Thought air pollution was only a problem in the open air? The truth is that there is air pollution all around us, both inside and outside our homes. While indoor air pollution may be less visible than many of the outdoor air pollutants, we are familiar with, it may be more harmful to our health in many ways.
It is critical that we all work together to improve the quality of the air we breathe indoors. With our indoor air quality checklist, we will share our best tips for improving the air quality in your home.
There are numerous factors that can have an impact on the overall indoor air quality of your home. Use this checklist to self-assess the indoor air quality in your home. Pollutants in the indoor environment abound. Indeed, many of the household products you use (such as cleaners and aerosol sprays) may contribute to the deterioration of indoor air quality. We have listed some of the most common sources of indoor air pollution, as well as steps you can take to avoid contaminating your home’s air.
- Radon testing
- Has your home ever been radon tested? Radon is a naturally occurring gas that has been linked to cancer in some people.
- Examine for Asbestos
- Was your home built or remodeled with asbestos-containing materials? Asbestos is a mineral fiber that is known for its strength and heat resistance. As a result, it was widely used in things like fire retardants and building materials. Unfortunately, asbestos, like radon, has been linked to a variety of health issues, including lung disease.
- Select low- or no-VOC products.
- Volatile organic compounds (VOCs) are a class of organic compounds that are added to household products for a variety of reasons. Unfortunately, we now know that many of these compounds, such as formaldehyde, contribute to health problems. VOCs can be found in a wide range of household products, including aerosol sprays, paint and paint strippers, dry-cleaned clothing, and many others. Choose products with low or no VOC labels whenever possible.
- Pesticides should be avoided.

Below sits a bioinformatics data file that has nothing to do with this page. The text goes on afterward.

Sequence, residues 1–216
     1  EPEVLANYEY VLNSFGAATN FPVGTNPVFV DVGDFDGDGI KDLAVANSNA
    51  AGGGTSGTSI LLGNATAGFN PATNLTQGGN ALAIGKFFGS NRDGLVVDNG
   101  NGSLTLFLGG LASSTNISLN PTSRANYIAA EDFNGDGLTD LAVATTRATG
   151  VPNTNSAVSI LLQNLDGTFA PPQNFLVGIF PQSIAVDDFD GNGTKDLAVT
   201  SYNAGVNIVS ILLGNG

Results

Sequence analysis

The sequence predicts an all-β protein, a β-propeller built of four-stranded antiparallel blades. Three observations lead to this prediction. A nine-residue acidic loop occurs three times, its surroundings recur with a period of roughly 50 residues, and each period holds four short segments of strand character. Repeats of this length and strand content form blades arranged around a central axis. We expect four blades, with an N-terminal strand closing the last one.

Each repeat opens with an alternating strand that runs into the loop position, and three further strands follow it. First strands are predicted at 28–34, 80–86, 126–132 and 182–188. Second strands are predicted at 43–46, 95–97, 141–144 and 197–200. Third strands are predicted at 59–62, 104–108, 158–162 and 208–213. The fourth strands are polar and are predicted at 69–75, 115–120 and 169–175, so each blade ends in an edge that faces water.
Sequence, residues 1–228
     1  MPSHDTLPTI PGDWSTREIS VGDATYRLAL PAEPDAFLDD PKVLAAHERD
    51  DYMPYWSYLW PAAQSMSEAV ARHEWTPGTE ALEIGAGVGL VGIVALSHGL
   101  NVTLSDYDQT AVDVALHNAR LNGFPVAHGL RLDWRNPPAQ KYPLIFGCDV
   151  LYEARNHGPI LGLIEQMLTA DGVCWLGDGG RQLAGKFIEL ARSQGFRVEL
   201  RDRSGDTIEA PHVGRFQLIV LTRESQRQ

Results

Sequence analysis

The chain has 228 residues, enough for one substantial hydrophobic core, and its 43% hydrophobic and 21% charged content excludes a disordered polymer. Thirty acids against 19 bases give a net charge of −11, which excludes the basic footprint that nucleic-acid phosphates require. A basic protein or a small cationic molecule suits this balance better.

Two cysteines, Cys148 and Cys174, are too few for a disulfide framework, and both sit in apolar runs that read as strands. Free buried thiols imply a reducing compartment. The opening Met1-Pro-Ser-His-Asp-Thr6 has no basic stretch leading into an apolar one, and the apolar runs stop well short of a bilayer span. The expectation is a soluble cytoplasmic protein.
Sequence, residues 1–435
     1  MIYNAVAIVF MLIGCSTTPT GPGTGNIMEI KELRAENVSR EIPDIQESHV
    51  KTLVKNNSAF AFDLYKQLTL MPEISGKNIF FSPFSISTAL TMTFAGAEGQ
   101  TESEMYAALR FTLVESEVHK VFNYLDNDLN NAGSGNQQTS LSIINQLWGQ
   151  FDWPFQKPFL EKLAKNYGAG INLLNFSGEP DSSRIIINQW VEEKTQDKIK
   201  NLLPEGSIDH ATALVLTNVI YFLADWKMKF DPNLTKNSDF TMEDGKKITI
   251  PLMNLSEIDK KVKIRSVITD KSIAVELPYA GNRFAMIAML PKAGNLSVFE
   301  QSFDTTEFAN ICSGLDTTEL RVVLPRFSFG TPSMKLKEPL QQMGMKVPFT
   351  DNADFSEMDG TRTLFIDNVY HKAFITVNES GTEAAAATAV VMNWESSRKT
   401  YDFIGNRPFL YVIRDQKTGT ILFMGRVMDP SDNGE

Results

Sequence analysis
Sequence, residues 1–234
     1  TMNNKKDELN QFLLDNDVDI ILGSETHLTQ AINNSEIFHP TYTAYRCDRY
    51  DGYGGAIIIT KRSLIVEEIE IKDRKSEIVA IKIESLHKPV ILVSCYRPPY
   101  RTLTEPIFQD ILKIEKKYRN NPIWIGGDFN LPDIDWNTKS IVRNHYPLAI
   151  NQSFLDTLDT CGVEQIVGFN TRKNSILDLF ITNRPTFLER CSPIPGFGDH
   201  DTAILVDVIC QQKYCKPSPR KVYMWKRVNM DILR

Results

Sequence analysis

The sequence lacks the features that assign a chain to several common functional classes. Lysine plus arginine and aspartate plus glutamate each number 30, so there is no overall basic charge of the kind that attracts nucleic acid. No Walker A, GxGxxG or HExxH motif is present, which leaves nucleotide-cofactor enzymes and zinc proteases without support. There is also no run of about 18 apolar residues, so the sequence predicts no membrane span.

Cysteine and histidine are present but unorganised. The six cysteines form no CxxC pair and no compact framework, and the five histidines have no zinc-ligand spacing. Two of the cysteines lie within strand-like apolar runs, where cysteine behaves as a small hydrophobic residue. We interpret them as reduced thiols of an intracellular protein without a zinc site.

- It is reasonable to assume that anything sprayed outside your home can and will find its way inside. As a result, it is best to avoid pesticides whenever possible. If you must use pesticides in your yard or garden, make sure to follow the directions and keep your home’s doors and windows closed while doing so.
- Smoking is not permitted indoors.
- It should come as no surprise that any type of smoke (tobacco, marijuana, even chimney smoke) can contribute to poor health. Furthermore, the nicotine, tar, and odors associated with smoking may stain your home permanently. Make sure your chimney flue is in good working order, and never smoke indoors.
You can improve your home’s indoor air quality by doing the following:
- Maintaining your home’s cleanliness. Dust, dirt, pet hair, and dander all have a negative impact on indoor air quality.
- Maintaining consistent humidity levels. Throughout the year, aim for a humidity level of 45 percent.
- Working with an HVAC professional to ensure your home is properly ventilated.
- Preventing the growth of mold and mildew. If you notice mold growth in any part of your home, you should contact a professional remediation specialist right away.
- Having your air ducts cleaned on a regular basis.
- Replace or clean your HVAC filter at least once every three months.
- Installing a whole-house air purifier or a portable air purifier in your home.
If you need your indoor air quality checked, get in touch with American Air Ducts Today!